19 April, 2010

Upon the occasion of yet again, some person I know in academia getting undue praise...

... I couldn't help but think of this classic.  From Insider Baseball, by Joan Didion (1988):

It occurred to me, in California in June and in Atlanta in July and in New Orleans in August, in the course of watching first the California primary and then the Democratic and Republican national conventions, that it had not been by accident that the people with whom I had preferred to spend time in high school had, on the whole, hung out in gas stations. They had not run for student body office. They had not gone on to Yale or Swarthmore or DePauw, nor had they even applied. They had gotten drafted, gone through basic at Fort Ord. They had knocked up girls, and married them, had begun what they called the first night of the rest of their lives with a midnight drive to Carson City and a five-dollar ceremony performed by a justice still in his pajamas.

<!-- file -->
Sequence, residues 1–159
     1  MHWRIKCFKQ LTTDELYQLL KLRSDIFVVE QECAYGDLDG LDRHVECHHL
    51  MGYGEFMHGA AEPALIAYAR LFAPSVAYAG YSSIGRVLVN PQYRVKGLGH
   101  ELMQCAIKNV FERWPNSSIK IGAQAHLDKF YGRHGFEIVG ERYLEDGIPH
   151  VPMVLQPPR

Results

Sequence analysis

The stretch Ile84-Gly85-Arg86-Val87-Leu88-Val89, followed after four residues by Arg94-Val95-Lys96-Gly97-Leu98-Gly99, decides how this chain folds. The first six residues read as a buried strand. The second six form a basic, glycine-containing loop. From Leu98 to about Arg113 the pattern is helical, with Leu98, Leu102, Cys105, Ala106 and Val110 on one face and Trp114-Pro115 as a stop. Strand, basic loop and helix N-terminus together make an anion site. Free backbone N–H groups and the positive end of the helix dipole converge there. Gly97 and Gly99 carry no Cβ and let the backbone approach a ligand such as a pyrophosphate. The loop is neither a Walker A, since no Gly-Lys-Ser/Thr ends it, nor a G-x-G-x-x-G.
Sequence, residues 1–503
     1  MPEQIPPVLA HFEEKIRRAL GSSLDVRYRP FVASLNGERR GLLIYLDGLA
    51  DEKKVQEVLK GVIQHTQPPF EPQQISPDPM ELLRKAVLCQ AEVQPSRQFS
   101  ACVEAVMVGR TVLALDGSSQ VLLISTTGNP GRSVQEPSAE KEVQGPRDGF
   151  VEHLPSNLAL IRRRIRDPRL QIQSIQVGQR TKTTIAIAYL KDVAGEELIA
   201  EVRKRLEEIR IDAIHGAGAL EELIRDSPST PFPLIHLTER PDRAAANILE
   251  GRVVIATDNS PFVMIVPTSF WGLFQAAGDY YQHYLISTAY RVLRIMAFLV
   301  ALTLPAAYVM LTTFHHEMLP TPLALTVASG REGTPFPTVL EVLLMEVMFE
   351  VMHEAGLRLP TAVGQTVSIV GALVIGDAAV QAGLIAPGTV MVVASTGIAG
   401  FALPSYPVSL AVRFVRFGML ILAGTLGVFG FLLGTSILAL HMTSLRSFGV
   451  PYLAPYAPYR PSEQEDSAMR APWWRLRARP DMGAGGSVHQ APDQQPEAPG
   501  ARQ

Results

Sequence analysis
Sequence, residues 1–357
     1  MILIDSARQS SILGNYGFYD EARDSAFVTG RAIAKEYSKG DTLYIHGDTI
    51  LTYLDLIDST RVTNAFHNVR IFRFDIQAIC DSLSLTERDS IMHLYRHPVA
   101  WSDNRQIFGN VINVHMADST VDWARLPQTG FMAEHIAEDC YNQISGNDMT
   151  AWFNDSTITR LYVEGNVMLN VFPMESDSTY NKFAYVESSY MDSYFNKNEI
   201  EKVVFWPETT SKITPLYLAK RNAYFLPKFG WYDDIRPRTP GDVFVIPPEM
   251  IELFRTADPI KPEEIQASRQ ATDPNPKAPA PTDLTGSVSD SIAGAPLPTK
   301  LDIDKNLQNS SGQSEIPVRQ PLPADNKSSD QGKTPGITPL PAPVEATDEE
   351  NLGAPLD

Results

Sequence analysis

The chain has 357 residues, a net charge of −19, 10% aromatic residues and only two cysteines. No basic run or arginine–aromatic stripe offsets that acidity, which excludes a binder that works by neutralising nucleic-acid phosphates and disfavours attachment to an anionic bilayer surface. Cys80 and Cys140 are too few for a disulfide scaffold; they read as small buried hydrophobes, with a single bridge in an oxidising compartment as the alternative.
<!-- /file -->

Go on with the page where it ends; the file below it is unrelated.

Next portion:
Later, regarding a Dukakis photo-op, baseball toss:
What we had in the tarmac arrival with ball tossing, then, was an understanding: a repeated moment witnessed by many people, all of whom believed it to be a setup and yet most of whom believed that only an outsider, only someone too “naive” to know the rules of the game, would so describe it.
So I will raise my glass once to forget those unwarrantably honored, and then I will raise it once more for all of the people in academia that have not completely succumbed to cynicism and forgotten why they are there.

Source: http://www.nybooks.com/articles/archives/1988/oct/27/insider-baseball/?page=3